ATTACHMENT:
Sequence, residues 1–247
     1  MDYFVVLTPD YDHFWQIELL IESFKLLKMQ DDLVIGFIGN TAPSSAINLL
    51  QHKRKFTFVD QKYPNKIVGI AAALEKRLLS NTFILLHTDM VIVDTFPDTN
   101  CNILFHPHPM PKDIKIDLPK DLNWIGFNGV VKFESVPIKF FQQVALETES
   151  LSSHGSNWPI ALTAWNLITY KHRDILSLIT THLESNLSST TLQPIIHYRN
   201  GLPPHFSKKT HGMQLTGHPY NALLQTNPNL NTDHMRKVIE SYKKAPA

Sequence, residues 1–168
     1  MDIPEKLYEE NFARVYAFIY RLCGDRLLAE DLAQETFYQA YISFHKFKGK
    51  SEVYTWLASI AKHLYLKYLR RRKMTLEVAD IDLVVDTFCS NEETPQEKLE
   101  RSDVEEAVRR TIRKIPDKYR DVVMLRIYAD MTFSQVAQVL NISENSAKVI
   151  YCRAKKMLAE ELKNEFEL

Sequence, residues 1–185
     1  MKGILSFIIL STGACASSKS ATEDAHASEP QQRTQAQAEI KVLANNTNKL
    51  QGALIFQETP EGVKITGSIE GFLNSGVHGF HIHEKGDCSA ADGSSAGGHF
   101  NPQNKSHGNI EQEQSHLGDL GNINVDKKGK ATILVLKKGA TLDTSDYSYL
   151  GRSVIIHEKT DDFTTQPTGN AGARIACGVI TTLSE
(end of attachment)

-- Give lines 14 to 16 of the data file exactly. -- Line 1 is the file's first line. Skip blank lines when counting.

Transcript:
    51  QGALIFQETP EGVKITGSIE GFLNSGVHGF HIHEKGDCSA ADGSSAGGHF
   101  NPQNKSHGNI EQEQSHLGDL GNINVDKKGK ATILVLKKGA TLDTSDYSYL
   151  GRSVIIHEKT DDFTTQPTGN AGARIACGVI TTLSE